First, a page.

When [Jesus] was alone, those who were around him along with the twelve asked him about the parables. And he said to them, “To you has been given the secret of the kingdom of God, but for those outside, everything comes in parables; in order that‘they may indeed look, but not perceive,and may indeed listen, but not understand;so that they may not turn again and be forgiven.’” -Mark 4:10-12 Internationally celebrated graphic artist Maurits Cornelis Escher produced a large body of work which invited the viewer to see the world from new and perhaps impossible dimensions. His 1961 lithograph Waterfall has hung in my office since the beginning of my ministry. It is a portrayal of water flowing down through an aqueduct which seems to proceed appropriately when observed through each small portion of the picture. The water flow culminates in a waterfall but the pool below the fall is the original source of the aqueducts flow. The flow of the water in the picture is a perpetual cycle and while it makes sense in small segments when perceived as a whole it is not possible.
Albert Einstein famously said, “make things as simple as possible, but not simpler.” Keeping things too simple is ever the temptation for us. In an effort to understand and manage our lives and surroundings we are prone to look at a small segment of behavior or circumstances and then draw conclusions about larger realities. It is only with patience, even perseverance, that real discernment emerges. One reason I believe Jesus teaches in parables is because the “moral” of a story can very often be shallow and sometimes lead to wrong conclusions. The richness of a story cannot be captured in a cliché and yet for simplicity’s sake we can come to believe that such short cuts are prudent.
It is interesting to note that Jesus’ detractors were the religious authorities; the very ones who had the resources to understand God’s big work missed it because they focused on small litmus test observations. Even John the Baptist struggled with this as he knew Jesus to be Messiah but expected him to be doing more judging and “fireworks” than healing and teaching (Matthew 11:2-6). The Pharisees attempted to cover up their insecurities by proclaiming certainty and it moved them from being humble servants to taskmasters acting as if God worked for them. Now of course, in a sense God does work for “us,” but it is different to receive the grace of a loving caretaker who chooses to act on our behalf than it is to seek to make God an instrument of our manipulations. Parables disarm our preconceived notions and force us to suspend our judgements. We are forced to consider the possibility that Samaritans could be good, and law-abiding priests miss the mark. To get at real perception and understanding, we must receive the whole story before deciding who is good and who is not, and in so doing our presuppositions are vulnerable to new perceptions.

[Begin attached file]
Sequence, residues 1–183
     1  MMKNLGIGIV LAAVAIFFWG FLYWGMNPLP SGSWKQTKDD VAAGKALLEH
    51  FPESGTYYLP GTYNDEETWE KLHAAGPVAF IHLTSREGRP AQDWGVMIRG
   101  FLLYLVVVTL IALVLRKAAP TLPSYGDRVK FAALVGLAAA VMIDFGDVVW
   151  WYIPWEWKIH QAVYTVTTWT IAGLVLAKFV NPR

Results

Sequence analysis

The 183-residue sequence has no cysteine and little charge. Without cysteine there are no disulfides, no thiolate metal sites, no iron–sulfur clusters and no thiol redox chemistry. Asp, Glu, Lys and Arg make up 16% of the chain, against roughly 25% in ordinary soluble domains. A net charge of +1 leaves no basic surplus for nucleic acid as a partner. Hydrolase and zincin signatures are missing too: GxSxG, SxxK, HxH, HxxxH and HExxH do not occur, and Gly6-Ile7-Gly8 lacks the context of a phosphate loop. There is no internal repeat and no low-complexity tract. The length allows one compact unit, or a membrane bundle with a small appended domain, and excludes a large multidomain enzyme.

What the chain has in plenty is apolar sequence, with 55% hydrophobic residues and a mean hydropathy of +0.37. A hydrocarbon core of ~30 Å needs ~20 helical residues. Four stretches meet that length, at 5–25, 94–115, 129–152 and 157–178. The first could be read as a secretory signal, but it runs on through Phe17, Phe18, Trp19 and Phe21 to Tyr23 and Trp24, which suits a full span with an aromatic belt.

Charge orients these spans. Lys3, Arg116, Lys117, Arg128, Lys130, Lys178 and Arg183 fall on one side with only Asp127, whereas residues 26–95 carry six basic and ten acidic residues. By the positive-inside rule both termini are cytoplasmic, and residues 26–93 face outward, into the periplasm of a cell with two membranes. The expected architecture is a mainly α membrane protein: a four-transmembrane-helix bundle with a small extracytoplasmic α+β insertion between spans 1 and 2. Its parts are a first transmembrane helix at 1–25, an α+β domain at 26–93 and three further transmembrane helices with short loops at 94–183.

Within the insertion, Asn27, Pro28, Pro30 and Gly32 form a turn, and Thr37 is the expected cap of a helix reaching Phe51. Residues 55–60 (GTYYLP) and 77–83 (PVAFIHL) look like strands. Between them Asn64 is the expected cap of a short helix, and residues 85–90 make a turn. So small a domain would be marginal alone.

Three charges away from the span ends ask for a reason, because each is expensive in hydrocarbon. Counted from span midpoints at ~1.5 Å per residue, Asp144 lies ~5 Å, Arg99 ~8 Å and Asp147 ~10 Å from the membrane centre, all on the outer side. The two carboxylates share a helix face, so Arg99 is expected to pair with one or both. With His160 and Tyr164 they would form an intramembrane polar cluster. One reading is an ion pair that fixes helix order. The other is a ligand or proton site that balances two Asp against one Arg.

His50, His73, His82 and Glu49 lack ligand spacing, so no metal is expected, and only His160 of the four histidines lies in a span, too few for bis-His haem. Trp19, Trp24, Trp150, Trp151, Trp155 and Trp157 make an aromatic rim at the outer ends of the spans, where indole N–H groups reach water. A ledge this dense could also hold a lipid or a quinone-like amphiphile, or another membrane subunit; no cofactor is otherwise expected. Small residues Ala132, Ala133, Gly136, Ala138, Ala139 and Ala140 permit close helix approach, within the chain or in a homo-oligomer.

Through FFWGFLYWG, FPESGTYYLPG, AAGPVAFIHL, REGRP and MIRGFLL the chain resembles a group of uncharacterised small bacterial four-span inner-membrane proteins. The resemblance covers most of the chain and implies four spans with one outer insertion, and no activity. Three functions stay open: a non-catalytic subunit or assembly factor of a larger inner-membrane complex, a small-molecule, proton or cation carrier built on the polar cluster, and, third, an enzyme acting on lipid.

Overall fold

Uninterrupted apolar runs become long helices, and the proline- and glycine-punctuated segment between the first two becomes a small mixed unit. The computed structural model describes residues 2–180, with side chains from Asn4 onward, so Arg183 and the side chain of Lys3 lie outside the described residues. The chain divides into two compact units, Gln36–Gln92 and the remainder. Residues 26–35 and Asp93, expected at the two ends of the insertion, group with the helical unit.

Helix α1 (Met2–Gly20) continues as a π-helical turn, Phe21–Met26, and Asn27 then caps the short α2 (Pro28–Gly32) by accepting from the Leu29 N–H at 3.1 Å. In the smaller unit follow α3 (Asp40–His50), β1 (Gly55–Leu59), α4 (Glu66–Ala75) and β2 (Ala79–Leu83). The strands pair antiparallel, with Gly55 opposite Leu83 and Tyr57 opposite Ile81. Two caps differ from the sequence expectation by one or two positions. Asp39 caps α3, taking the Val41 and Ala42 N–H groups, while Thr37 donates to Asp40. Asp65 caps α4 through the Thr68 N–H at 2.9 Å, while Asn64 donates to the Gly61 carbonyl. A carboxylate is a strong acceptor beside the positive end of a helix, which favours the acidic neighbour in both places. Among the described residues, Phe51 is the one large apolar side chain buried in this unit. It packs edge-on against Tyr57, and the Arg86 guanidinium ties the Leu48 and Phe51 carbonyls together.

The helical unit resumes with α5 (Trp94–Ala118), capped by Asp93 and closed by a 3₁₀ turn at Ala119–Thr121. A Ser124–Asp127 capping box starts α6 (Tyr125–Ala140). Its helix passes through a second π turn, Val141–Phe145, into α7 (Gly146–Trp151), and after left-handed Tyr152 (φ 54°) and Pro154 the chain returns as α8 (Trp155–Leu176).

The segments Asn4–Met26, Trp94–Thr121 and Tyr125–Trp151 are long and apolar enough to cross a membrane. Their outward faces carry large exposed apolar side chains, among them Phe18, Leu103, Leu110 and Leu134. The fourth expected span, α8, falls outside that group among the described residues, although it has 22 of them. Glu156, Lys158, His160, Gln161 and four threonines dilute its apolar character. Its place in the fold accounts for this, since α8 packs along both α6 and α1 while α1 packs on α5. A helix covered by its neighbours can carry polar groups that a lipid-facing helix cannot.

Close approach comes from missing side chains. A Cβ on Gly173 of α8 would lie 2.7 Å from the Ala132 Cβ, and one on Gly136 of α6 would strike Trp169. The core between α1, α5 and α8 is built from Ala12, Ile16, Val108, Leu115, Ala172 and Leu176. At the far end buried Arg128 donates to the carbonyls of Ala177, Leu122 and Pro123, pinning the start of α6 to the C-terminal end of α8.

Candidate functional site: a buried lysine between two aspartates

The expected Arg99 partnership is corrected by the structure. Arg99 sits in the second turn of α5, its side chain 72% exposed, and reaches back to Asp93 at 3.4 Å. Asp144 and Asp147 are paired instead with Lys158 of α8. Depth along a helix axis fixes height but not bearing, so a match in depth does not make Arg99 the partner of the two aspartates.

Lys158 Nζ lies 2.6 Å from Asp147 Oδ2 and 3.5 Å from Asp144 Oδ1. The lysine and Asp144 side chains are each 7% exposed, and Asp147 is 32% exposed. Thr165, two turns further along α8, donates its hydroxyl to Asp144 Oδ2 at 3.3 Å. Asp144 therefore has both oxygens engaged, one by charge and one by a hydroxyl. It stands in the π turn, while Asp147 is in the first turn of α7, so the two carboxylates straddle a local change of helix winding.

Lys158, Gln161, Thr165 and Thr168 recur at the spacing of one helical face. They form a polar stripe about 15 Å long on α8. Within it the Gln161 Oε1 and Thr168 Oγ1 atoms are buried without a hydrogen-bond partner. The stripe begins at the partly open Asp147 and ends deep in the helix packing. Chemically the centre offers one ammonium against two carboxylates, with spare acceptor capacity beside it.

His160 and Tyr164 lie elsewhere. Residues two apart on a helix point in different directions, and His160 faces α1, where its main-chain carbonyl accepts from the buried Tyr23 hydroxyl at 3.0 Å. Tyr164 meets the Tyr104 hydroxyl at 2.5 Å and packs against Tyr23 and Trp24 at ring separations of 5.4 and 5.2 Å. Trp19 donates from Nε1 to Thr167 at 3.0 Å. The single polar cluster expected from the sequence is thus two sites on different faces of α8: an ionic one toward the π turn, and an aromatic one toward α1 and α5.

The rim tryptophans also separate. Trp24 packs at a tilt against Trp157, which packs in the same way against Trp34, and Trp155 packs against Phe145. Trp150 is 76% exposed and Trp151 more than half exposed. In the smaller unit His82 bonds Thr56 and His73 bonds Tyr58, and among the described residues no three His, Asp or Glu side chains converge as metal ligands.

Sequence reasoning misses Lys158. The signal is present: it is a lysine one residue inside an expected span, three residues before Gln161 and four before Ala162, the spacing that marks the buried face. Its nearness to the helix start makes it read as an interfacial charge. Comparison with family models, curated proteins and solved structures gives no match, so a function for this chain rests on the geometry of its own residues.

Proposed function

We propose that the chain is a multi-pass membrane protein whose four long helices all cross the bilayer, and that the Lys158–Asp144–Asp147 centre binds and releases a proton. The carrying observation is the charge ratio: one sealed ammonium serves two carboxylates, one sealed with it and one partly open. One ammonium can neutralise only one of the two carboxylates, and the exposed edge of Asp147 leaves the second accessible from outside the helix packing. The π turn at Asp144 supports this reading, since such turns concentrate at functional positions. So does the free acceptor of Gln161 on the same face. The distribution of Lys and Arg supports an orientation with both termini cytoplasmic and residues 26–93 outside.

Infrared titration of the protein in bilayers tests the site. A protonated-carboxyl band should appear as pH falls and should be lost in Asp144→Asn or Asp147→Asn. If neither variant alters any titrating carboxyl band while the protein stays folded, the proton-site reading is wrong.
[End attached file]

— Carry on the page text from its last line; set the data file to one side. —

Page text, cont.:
At Pentecost, the church emerges from an unlikely band and meanders through a series of surprises. The elevations and inclusion of gentiles, women, and untrained “preachers,” the establishment and loss of Jerusalem as the ministry center, and perhaps most surprising the eventual conflict and slow transformation of the community’s understanding of grace through the words of an ex-pharisee. God can do more than we can ask or imagine, but that does not mean that asking or imagining, humbly, is to be avoided.